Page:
No More Jump Rankings Posts

After much deliberation, I will be ceasing all Jump ToC Rankings posts, effective immediately.

My life has simply gotten too busy, to the point that reviews have slowed to one per year, I’m constantly tardy with any posts (including this one, which I meant to post 3 weeks ago), and things are slated to get much busier in 2018. There are also many other places one can find the Japanese rankings, at least.

All other content will continue at their existing, glacial pace.

Thank you for your understanding.

Advertisements

How the Jump ToC Rankings Work

NOTE: I’ve noticed many people linking to this as a source of information. While obvious, do remember that I am not a primary source for any of this. Rather, this information was pieced together from what we randoms believe we know about Jump‘s rankings. If that’s what you intend to link to this for, link away.

JTOC LogoIt’s time I explained the Weekly Shōnen Jump Table of Contents Rankings and how they work.

As I’ve said previously, Shueisha’s Weekly Shōnen Jump is currently the most popular manga magazine by far. Even the flops sell better than the high-sellers of many other magazines. As a result, they have the leverage to keep the magazine fresh by kicking out 2-3 of the worst performers every ten or so issues. Poor performers are measured by reader surveys, and volume sales if they’re high enough.

Some series survive due to extremely high volume sales, despite being ranked the lowest in the magazines (an example being To Love-Ru). Other series sell poorly and survive on ranking alone (an example being Hinomaru Zumō). Living through even a single full year in the magazine is fairly difficult. Not only that, it’s practically a death sentence for a writer’s career in the magazine if their series get cancelled three times, not that it’s easy to get a slot after being cancelled twice.

Curious about it?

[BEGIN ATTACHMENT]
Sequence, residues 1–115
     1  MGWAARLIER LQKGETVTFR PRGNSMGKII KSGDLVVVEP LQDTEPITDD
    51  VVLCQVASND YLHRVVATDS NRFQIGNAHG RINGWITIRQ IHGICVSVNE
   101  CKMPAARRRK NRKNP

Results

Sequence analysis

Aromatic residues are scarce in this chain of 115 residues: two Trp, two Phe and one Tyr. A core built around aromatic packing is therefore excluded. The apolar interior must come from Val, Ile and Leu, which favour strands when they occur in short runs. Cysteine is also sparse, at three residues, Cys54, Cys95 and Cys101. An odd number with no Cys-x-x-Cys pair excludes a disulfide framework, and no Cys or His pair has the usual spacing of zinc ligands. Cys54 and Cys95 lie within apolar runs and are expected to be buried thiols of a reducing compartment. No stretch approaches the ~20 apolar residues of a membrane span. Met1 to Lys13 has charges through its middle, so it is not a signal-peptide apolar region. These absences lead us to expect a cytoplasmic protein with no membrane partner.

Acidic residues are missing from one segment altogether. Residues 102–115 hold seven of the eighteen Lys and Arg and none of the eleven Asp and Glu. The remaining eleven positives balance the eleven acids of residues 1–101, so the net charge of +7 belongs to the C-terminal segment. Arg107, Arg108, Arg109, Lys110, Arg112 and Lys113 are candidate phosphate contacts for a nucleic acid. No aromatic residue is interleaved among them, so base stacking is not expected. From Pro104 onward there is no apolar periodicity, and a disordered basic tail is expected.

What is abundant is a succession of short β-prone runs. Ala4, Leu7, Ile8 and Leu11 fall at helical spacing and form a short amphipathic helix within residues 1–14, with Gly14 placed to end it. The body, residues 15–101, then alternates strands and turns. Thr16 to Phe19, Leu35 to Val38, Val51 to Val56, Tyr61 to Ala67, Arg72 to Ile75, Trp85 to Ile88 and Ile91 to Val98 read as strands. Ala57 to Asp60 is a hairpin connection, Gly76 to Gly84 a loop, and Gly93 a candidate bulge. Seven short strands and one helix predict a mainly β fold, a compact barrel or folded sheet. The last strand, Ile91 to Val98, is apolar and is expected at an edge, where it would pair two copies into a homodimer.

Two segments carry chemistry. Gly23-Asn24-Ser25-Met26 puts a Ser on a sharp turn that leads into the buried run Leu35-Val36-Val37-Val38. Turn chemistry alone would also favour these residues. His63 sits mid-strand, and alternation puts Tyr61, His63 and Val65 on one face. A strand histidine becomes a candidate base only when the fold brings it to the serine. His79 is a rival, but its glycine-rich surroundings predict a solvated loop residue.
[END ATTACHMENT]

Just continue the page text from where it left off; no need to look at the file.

Schedule Expansion and Alterations, Effective March

This blog has been quiet. Too quiet. When I started this blog, the original intention was for it to be daily. That didn’t work out, of course. That said, I still wanted to post with some amount of regularity. Still, my morale has fallen somewhat due to the stats that show just who views my blog, with the amount averaging at ~40 per day, including people who get here through Google image searches (thus why the image-heavy Under Your Radar: The World God Only Knows has the highest hit count of all individual posts, by far). My amount of blog followers has plateaued in the ballpark of 65 people at any given time, counting spam accounts on Twitter and not counting the undocumented group of people following through direct links or RSS feeds (I can guarantee those sorts of people read this blog, through inbound data and people outright telling me).

While it hasn’t even been 11 months yet, I’m posting only around 10 posts per month, too, which feels way too low for my tastes. Most other blogs I look at tend to post somewhere between 15-25 on an average month, and I tend to have a lot of things to say and just plain never get around to expressing them outside of maybe a few tweets. Yet my time is limited, and most blog posts take over an hour for me to properly format to meet my standards (and, even then, I still slip up often by forgetting pictures or just plain missing grammatical mistakes or major omissions).

So here’s my solution.